Dating for when past mistakes cause a partner to lack trust
Let’s be real, we have all made mistakes in the past. Whether big or small, nobody has had a golden record at living life perfectly as the best human being ever. And oftentimes when we are talking to someone new who we have sparked interest in, we end up discussing what our life was like before them.
If you’re looking to build something serious with someone, it is important to share all relevant history that you might think is important for this person to know. If you are dating casually or are just looking for a fling, it is not important to tell your partner what happened before they came into your life.
But sometimes when we do tell people our histories, it can become a strain on the relationship and lead to a lack of trust. Although we say that we don’t judge people and what matters is who they are now, it is not the case. Humanity is built on judgement. It is what kept our forefathers safe from being eaten and killed. Judgement is what kept humanity alive- and we judge to date.
But why do we judge?
Mostly, it comes from a place of insecurity. Sometimes, it can come from a place of protecting ourselves.
What causes a lack of trust based on a partner’s past?
Many factors can come into play when talking about a lack of trust in a partner based on their past. It could be something like them confiding in you about the one time they were unfaithful in a relationship or it could be them admitting to severe personality disorders, compulsive cheating patterns, a habit of lying, or sometimes even worse, a criminal record.
It is important to take a step back in these situations and think about where the relationship is at that point. If nothing concrete has been established between partners, it is a good time to have a conversation about the future and where you would like to draw a line. But if it is an already established relationship and new information comes to light, it is important to not take impulsive and rash decisions but look at the situation objectively and evaluate things.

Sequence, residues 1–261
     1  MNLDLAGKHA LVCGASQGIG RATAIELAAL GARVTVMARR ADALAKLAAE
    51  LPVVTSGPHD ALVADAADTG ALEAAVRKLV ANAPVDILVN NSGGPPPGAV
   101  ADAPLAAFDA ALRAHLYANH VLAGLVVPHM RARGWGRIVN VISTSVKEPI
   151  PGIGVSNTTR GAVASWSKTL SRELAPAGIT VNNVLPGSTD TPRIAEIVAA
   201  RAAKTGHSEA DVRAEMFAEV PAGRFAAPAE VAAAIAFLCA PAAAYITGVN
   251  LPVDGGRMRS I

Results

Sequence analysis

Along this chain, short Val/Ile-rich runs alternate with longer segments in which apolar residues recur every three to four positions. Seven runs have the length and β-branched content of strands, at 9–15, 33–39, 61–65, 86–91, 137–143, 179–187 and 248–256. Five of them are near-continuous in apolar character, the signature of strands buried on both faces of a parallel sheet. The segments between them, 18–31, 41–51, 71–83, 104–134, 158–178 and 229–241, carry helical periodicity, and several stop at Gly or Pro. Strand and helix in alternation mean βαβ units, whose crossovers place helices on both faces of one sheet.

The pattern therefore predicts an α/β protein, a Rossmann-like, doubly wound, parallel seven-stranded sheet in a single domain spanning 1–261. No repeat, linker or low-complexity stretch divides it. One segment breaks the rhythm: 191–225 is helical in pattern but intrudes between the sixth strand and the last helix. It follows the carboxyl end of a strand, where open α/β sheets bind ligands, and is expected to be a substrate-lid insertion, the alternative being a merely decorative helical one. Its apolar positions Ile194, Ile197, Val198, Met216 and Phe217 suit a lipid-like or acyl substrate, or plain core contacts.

In a situation where your partner admits a past mistake to you and confides in you, it is imperative to look at it from the lens of something that has happened and not as something that defines them as a person in the present. It is important to openly and transparently talk about the past and gain clarity on the topic. Let them know if you need more information or if you would like to not know specifics.
While sometimes your partner’s past can come as a shock and feel like a bomb dropped on your relationship, it does not have to be that way. Cultivating a sense of maturity and establishing clear boundaries between the past and present can help put things into perspective.
For example, you have been with someone for a year and they tell you that they attended AA meetings because of a severe alcohol problem, say, 3 years ago. It is important to keep your judgement, fear, and lack of trust aside and look at them with a lens of empathy. It is important to ask them the right questions and help build the foundation of future trust.
If you find something to be truly unforgivable or if it is something that directly affects your relationship such as infidelity, abuse, alcoholism/drug use, personality disorders, or pattern behaviour- seeking outside help may be beneficial. Therapy or counselling can help you and your partner objectively communicate and build trust.
If not external help, you can work with your partner to understand their history, relapses, and more. It is also beneficial for partners to get involved in the recovery process so that they are more aware of where their partner is in this journey.
All relationships, whether romantic or not, are built on trust. Take your partner’s past with a grain of salt and remember they are not their past mistakes and a healthy relationship with people you love can help avoid relapses.